Two or three camels were attached to each other by a rope, for instance, Naim led Lee's camel, Baby (the cutest one in the bunch, a little one with really big eyes). My camel was led for part of the ride by one of the guides who walked the camel through the desert. For a while, he let Naim free. I tried to get him to go fast but my accent must be bad because he didn't understand when I told him "fisa fisa!" We stopped halfway to let our guides and camels rest while we decided to partake in a little more dune jumping. It's an addicting activity. After about a 45 minute ride, we got to El Faouar, our camp. By the time we had arrived there, let's just say I had a lot more support for the CLF!
Our "camp" was definitely more luxurious than we expected. We stayed in giant tents with beds, we had modern bathrooms in another tent and there was a food tent and a bar tent. No joke. We also happened to have the place to ourselves. Here's a picture of the camp:
We had some time to watch the sun set and initially I climbed up the dunes with a few other kids. In no time, the whole group had scrambled up the biggest dune and we all sat watching the sun set. Here's a picture:
Off in the distance, I saw a crumbling ruin of what looked like must've been a house. I asked Faisal what he thought it was and we decided to jump off the big dune and go check it out. Instead of watching the sun set from the giant dune, we sat on the ruined house and watched the sun go down behind the dunes. Here's a picture one of the other guys, Stephen, took from the giant dune, showing where we were:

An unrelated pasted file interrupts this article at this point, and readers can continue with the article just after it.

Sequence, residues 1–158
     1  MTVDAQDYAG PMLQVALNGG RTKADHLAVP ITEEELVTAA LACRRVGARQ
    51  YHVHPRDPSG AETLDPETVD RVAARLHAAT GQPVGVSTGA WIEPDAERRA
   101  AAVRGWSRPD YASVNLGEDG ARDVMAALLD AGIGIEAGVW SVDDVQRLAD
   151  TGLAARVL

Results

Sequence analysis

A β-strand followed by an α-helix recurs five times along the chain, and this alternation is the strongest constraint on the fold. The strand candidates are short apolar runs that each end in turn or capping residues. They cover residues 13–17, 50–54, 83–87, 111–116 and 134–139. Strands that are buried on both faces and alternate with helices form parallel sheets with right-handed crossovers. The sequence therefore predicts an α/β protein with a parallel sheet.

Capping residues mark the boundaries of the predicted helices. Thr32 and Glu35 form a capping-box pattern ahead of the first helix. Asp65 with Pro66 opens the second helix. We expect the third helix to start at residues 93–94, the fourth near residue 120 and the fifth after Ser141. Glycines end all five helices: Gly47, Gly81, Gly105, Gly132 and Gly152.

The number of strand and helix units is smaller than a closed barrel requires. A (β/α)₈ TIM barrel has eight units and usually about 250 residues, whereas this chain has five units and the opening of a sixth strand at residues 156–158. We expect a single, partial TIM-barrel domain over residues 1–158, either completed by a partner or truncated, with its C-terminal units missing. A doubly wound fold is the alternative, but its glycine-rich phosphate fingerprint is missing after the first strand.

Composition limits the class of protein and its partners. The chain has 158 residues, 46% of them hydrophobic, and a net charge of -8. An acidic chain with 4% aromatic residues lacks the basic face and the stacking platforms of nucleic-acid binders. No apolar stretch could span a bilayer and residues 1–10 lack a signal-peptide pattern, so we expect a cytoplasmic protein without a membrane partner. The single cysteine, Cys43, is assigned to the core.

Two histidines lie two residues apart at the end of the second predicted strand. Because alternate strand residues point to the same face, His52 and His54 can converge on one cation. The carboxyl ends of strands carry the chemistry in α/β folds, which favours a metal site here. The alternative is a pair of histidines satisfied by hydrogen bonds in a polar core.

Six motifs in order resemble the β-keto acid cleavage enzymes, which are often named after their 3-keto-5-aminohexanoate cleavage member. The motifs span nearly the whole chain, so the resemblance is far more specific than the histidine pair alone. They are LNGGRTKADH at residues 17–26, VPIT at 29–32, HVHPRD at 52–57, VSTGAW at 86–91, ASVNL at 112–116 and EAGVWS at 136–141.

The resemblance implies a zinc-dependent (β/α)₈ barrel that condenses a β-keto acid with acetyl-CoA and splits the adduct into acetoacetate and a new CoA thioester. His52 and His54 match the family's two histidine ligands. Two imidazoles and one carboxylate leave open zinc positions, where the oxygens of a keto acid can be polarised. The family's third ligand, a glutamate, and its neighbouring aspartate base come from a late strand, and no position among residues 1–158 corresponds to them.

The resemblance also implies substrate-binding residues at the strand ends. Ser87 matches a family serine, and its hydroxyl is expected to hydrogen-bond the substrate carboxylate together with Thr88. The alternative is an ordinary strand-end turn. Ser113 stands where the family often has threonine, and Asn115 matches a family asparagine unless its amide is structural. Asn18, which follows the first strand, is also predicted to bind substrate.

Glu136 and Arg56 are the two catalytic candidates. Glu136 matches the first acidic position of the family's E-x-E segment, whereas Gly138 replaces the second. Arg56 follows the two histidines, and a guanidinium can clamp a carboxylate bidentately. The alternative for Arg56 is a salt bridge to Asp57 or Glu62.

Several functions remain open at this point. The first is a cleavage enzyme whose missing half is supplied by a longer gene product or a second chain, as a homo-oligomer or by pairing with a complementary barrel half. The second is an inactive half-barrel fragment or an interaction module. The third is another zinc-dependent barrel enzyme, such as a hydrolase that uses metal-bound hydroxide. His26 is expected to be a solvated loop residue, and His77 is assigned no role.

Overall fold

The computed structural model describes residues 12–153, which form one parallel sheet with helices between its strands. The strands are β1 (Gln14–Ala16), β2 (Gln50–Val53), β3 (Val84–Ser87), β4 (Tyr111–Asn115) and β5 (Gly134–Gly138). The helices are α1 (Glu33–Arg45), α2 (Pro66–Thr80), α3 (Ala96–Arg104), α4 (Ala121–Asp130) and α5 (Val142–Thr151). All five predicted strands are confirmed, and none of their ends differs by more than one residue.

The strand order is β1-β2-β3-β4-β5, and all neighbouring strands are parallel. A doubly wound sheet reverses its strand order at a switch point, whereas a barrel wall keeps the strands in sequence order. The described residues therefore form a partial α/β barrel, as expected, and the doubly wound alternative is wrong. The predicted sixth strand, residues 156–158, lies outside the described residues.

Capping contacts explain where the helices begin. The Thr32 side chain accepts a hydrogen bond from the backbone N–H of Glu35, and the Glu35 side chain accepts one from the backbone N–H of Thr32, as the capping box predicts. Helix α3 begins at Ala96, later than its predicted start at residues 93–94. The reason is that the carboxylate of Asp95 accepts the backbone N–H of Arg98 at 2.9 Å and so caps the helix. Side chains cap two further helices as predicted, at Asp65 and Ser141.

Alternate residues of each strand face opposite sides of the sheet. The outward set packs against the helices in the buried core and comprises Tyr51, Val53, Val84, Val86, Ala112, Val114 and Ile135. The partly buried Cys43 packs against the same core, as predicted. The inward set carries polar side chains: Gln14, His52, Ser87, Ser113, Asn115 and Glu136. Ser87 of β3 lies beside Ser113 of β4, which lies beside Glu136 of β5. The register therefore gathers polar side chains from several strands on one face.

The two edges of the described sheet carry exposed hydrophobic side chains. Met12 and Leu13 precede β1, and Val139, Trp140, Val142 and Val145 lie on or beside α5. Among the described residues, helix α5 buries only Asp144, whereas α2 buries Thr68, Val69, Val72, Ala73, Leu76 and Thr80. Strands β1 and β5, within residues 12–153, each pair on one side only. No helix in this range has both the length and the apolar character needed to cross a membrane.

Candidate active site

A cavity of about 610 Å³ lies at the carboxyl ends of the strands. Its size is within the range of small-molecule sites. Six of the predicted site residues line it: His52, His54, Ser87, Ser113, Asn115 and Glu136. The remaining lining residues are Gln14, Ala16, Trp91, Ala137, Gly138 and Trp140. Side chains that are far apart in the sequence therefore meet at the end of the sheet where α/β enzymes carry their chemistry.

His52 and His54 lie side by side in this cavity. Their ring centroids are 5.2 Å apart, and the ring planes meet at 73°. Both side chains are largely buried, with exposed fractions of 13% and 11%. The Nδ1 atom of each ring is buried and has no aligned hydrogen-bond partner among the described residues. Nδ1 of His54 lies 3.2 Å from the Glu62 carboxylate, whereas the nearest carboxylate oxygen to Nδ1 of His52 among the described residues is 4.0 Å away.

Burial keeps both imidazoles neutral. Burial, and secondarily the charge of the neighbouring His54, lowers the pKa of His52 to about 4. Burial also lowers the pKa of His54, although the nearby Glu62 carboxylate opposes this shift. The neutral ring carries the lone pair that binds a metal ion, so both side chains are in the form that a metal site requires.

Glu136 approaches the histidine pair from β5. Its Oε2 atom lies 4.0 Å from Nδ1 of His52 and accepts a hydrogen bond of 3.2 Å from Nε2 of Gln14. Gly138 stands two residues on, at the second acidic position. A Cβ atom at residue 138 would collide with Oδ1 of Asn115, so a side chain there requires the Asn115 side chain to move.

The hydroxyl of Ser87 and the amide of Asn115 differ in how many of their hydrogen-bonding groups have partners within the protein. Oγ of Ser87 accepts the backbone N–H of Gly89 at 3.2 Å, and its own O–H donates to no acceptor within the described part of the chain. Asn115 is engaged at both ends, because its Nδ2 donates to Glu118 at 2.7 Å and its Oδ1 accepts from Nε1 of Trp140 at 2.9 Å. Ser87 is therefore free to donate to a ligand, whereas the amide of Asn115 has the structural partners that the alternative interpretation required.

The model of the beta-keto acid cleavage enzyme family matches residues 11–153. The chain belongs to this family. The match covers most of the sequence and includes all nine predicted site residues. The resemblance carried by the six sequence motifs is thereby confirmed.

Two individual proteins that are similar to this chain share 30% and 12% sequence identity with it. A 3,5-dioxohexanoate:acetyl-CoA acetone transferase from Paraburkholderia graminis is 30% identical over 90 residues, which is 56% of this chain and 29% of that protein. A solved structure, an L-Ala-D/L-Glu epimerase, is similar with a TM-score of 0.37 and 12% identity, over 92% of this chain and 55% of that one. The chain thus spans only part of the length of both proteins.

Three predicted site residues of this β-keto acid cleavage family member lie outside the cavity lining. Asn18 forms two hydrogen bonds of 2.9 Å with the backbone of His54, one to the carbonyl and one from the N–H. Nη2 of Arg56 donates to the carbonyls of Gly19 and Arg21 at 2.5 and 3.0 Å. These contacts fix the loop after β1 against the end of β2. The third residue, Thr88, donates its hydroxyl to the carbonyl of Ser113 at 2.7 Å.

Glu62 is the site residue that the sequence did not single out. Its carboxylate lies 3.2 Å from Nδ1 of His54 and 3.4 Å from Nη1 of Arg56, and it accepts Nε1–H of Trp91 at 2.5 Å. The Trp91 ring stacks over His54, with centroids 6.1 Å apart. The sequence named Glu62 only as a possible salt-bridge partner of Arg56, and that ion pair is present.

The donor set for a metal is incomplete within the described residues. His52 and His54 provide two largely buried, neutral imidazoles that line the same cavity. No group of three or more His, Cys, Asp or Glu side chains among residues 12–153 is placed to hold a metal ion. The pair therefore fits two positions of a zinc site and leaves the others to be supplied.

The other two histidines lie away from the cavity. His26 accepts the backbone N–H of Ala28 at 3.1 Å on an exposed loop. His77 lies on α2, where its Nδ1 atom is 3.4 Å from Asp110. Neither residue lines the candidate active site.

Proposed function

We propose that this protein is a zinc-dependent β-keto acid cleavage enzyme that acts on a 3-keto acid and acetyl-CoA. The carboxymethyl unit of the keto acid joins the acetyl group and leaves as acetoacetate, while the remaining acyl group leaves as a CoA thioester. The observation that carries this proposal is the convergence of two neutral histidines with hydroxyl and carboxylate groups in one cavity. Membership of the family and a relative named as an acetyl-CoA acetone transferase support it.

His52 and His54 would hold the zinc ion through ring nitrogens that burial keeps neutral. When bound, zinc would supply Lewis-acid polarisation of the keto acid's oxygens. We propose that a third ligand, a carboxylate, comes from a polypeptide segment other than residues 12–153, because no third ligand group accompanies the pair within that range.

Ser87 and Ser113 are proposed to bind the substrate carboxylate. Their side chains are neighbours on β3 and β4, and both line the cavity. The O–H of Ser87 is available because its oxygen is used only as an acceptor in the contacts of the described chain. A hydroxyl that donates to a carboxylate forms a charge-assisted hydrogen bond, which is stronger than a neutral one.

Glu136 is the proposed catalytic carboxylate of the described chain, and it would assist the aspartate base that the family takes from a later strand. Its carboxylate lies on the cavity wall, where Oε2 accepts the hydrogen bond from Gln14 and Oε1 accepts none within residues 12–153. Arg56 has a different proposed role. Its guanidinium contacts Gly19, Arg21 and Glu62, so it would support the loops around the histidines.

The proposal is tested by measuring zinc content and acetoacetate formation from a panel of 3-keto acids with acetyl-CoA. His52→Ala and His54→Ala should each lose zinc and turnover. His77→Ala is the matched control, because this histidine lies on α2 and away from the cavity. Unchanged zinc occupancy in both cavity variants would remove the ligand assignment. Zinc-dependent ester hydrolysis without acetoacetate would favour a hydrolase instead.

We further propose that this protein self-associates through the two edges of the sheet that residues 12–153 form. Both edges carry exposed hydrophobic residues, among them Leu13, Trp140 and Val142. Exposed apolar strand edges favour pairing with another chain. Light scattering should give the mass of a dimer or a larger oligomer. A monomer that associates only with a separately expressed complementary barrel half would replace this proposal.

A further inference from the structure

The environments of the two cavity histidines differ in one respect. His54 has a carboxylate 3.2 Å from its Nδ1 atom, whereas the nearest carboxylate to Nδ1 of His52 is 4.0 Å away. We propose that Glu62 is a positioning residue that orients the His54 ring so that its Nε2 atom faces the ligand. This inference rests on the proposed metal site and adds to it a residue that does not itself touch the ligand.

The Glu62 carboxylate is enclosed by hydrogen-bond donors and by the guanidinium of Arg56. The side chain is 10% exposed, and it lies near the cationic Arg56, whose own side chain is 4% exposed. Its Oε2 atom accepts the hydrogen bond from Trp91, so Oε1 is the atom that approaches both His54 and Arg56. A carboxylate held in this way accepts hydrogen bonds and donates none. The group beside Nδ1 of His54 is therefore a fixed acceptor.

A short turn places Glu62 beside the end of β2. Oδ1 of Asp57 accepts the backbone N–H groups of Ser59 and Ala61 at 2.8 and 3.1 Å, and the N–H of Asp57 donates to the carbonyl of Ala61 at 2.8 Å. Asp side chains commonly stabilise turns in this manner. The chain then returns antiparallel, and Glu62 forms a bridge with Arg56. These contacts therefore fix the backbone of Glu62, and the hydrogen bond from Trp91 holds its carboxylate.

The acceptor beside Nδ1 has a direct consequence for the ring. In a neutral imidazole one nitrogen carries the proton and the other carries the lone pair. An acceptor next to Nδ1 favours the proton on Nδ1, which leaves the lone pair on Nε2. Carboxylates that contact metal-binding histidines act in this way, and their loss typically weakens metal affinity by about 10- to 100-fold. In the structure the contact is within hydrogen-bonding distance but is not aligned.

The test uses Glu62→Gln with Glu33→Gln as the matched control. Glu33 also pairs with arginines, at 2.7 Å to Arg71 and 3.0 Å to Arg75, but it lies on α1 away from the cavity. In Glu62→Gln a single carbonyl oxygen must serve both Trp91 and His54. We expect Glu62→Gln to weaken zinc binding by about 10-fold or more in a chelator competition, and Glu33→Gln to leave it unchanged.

After the sun set, two of the other students, Karen and Ryan, came out to check out the ruined building as well. After dark we walked back to camp and had a discussion of our day. Mounir got into the habit of getting a few bottles of wine, one red and one white, each night for our dinners or discussions. So we sat in a tent, snacking on mixes of nuts and drinking wine while dinner was prepared. I ate grilled chicken that night and talked with Mounir and Alessandra, our student services coordinator (and also the most stylish woman I've met, she's Italian and I want to raid her wardrobe). The topic changed to Tunisian soccer. One of the guys, Gaby, is studying sports in Tunisia for his independent study project and we were lamenting the fact that we'd be missing Sunday's match between Esperance and Club African, the rival Tunis teams.
Following dinner we explored the dunes some more, laying in the sand watching the stars. They were spectacular. Late that night when we were all still outside taking in the sights having finally reached the real desert, the sneaky people running the camp decided to tell us about the deadly scorpions that came out at night and encouraged us not to stray too far from camp. Afraid of losing an SIT student to a fatal scorpion sting, we reluctantly retreated into our tents and fell asleep. Mounir laughed at the story the next morning. Scorpions don't frequent this part of the desert, they prefer the rockier areas, and very few of them are so poisonous their stings can kill you. Apparently the scorpion story was merely a story to keep us from wandering too far into the desert that night. As we packed up our stuff and rode donkey carts out of the camp, we all came to the conclusion that the next few days had to be pretty spectacular to top our Sahara adventure.